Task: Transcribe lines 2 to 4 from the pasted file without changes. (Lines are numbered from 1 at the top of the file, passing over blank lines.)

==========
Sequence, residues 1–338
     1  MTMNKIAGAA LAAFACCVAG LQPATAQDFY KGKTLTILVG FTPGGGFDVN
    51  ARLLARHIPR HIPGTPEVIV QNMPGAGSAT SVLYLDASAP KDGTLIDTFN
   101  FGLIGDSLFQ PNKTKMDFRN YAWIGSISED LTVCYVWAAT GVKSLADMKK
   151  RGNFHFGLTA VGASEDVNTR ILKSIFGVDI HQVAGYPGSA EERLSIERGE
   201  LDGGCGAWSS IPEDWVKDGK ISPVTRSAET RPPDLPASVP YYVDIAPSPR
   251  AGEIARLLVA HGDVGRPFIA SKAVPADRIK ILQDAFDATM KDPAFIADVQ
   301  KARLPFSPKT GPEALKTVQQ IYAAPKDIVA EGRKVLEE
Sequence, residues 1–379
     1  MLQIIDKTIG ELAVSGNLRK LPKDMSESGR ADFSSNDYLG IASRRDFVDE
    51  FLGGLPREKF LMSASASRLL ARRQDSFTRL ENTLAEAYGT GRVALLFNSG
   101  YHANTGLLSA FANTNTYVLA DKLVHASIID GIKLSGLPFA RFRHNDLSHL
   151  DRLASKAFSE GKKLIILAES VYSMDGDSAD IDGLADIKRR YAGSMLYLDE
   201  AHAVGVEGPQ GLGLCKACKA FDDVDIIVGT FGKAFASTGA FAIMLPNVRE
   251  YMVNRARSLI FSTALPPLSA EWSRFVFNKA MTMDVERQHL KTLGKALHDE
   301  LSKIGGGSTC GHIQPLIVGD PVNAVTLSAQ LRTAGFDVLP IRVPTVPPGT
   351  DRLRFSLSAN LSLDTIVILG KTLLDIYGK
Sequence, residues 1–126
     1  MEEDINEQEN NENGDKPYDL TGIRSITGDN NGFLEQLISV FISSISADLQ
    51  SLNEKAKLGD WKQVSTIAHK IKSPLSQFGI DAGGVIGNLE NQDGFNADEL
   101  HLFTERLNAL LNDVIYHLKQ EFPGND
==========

     1  MTMNKIAGAA LAAFACCVAG LQPATAQDFY KGKTLTILVG FTPGGGFDVN
    51  ARLLARHIPR HIPGTPEVIV QNMPGAGSAT SVLYLDASAP KDGTLIDTFN
   101  FGLIGDSLFQ PNKTKMDFRN YAWIGSISED LTVCYVWAAT GVKSLADMKK